- Shleifer, Andrei, 1986. "Implementation Cycles," Journal of Political Economy, University of Chicago Press, vol. 94(6), pages 1163-1190, December.
- Shleifer, Andrei, 1986. "Implementation Cycles," Scholarly Articles 3451303, Harvard University Department of Economics.
- E. Sheshinski, 1967. "Balanced Growth and Stability in the Johansen Vintage Model," Review of Economic Studies, Oxford University Press, vol. 34(2), pages 239-248.
- Jovanovic, Boyan & Lach, Saul, 1989. "Entry, Exit, and Diffusion with Learning by Doing," American Economic Review, American Economic Association, vol. 79(4), pages 690-699, September.
- Jovanovic, Boyan & Lach, Saul, 1988. "Entry, Exit, And Diffusion With Learning By Doing," Working Papers 88-16, C.V. Starr Center for Applied Economics, New York University.
- Steven J. Davis & John Haltiwanger, 1990. "Gross Job Creation and Destruction: Microeconomic Evidence and Macroeconomic Implications," NBER Chapters, in: NBER Macroeconomics Annual 1990, Volume 5, pages 123-186 National Bureau of Economic Research, Inc.
- Steven J. Davis & John Haltiwanger, 1992. "Gross Job Creation, Gross Job Destruction, and Employment Reallocation," The Quarterly Journal of Economics, Oxford University Press, vol. 107(3), pages 819-863.
- Steve J. Davis & John Haltiwanger, 1991. "Gross job creation, gross job destruction and employment reallocation," Working Paper Series, Macroeconomic Issues 91-5, Federal Reserve Bank of Chicago.
- Steve J. Davis & John Haltiwanger, 1991. "Gross Job Creation, Gross Job Destruction and Employment Reallocation," NBER Working Papers 3728, National Bureau of Economic Research, Inc.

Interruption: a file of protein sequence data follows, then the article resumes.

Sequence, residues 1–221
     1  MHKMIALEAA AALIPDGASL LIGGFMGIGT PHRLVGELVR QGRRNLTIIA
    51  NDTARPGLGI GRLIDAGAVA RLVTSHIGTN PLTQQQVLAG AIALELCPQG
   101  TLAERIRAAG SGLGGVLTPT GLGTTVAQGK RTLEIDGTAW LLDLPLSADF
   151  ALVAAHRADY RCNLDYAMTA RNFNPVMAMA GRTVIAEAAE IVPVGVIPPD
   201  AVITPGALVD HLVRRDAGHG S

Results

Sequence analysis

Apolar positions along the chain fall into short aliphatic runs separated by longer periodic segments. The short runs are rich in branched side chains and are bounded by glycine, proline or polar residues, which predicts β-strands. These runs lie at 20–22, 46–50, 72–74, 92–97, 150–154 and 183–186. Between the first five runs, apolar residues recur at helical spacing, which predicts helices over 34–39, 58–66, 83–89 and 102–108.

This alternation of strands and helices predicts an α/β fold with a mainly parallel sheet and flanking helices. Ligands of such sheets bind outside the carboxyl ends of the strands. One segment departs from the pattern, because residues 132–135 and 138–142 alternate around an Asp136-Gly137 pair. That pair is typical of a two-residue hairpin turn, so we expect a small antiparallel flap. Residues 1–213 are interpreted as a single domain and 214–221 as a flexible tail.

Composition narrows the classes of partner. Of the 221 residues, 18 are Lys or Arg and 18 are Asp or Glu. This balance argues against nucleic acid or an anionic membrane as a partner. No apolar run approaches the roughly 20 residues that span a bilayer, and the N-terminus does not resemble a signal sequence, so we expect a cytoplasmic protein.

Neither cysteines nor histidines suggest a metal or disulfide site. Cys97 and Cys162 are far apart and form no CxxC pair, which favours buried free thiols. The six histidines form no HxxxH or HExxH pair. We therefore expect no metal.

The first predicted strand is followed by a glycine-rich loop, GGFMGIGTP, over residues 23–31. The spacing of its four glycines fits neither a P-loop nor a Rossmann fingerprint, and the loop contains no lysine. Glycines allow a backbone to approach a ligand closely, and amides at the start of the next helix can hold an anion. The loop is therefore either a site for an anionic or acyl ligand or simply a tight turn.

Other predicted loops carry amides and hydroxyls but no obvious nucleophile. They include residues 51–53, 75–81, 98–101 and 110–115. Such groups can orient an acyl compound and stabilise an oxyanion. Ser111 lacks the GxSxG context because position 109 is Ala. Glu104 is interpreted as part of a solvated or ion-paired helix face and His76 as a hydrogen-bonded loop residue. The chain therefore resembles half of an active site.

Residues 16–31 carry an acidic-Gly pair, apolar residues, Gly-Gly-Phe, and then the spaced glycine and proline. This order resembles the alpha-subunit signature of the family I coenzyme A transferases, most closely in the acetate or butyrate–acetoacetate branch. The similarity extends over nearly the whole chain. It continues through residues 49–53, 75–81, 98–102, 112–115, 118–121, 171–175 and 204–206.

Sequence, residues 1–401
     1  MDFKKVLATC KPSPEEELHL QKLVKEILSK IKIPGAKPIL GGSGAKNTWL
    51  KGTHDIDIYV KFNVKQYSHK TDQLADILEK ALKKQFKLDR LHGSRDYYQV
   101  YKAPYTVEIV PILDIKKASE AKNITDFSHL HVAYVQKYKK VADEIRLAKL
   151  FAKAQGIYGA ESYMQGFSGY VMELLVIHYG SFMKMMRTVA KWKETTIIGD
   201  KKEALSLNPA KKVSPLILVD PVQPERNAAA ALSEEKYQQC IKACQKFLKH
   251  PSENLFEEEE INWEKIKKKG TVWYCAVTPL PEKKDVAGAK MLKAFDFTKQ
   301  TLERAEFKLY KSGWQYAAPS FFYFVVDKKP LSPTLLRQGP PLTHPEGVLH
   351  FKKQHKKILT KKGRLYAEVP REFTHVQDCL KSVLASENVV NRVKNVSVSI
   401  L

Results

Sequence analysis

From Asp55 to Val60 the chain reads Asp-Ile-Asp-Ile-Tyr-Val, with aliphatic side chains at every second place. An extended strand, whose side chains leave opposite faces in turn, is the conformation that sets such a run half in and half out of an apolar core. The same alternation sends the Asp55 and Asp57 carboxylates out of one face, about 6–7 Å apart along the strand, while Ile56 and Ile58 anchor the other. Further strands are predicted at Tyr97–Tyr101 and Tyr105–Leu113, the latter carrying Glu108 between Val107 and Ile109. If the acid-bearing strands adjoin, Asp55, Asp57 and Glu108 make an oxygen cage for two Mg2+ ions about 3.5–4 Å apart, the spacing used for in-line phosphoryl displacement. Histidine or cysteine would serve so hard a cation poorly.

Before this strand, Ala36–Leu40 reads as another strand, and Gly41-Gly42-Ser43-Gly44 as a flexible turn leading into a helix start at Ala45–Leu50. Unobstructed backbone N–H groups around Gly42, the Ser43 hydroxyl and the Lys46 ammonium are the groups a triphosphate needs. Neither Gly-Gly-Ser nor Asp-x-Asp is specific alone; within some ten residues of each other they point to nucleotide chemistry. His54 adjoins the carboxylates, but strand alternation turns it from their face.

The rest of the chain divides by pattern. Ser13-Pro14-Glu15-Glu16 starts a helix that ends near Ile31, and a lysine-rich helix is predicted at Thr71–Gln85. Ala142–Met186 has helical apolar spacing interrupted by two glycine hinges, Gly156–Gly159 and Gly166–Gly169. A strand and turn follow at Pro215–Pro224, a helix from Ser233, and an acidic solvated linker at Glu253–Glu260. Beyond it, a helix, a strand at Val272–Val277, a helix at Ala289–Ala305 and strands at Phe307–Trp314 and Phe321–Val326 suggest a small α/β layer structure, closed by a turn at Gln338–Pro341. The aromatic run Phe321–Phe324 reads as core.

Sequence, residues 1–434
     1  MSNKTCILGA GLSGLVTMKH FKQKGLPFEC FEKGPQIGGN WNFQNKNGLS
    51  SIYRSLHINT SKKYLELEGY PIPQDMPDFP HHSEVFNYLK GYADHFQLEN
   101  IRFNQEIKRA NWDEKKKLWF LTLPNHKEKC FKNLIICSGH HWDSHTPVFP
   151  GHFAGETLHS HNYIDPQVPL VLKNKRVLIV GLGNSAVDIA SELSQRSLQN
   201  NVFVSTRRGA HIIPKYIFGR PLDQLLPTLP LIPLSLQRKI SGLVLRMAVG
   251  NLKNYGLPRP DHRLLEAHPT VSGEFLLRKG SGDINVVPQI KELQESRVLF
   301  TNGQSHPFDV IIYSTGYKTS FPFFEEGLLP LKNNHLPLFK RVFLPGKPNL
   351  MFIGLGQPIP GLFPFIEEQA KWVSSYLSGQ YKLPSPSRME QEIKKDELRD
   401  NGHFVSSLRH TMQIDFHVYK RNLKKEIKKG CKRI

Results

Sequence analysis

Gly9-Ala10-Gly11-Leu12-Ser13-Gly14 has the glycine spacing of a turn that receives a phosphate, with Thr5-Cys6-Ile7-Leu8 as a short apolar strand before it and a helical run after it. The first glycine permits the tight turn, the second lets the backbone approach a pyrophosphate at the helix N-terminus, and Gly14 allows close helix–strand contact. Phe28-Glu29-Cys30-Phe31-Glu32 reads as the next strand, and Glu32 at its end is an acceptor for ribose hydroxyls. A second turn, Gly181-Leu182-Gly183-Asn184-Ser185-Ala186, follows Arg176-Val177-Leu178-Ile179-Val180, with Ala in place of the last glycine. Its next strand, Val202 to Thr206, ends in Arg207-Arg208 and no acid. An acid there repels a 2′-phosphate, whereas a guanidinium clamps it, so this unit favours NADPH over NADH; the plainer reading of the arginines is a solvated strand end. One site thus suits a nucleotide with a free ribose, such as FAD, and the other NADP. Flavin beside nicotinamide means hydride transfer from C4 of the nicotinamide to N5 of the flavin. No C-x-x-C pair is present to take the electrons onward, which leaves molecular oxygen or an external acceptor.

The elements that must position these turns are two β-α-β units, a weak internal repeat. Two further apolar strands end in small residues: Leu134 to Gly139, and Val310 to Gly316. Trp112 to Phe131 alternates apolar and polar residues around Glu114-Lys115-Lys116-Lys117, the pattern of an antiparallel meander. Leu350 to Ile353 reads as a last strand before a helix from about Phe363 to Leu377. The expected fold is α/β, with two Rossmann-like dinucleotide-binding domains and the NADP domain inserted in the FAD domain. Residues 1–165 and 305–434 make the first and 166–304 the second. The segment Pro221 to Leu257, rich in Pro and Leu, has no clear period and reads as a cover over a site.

- Dickens, William T., 1982. "The productivity crisis: Secular or cyclical?," Economics Letters, Elsevier, vol. 9(1), pages 37-42.
- Robert E. Hall, 1991. "Labor Demand, Labor Supply, and Employment Volatility," NBER Chapters, in: NBER Macroeconomics Annual 1991, Volume 6, pages 17-62 National Bureau of Economic Research, Inc. Full references (including those not matched with items on IDEAS)
When requesting a correction, please mention this item's handle: RePEc:nbr:nberwo:3922. See general information about how to correct material in RePEc.
For technical questions regarding this item, or to correct its authors, title, abstract, bibliographic or download information, contact: ()
If you have authored this item and are not yet registered with RePEc, we encourage you to do it here. This allows to link your profile to this item. It also allows you to accept potential citations to this item that we are uncertain about.
If references are entirely missing, you can add them using this form.
If the full references list an item that is present in RePEc, but the system did not link to it, you can help with this form.
If you know of missing items citing this one, you can help us creating those links by adding the relevant references in the same way as above, for each refering item. If you are a registered author of this item, you may also want to check the "citations" tab in your profile, as there may be some citations waiting for confirmation.
Please note that corrections may take a couple of weeks to filter through the various RePEc services.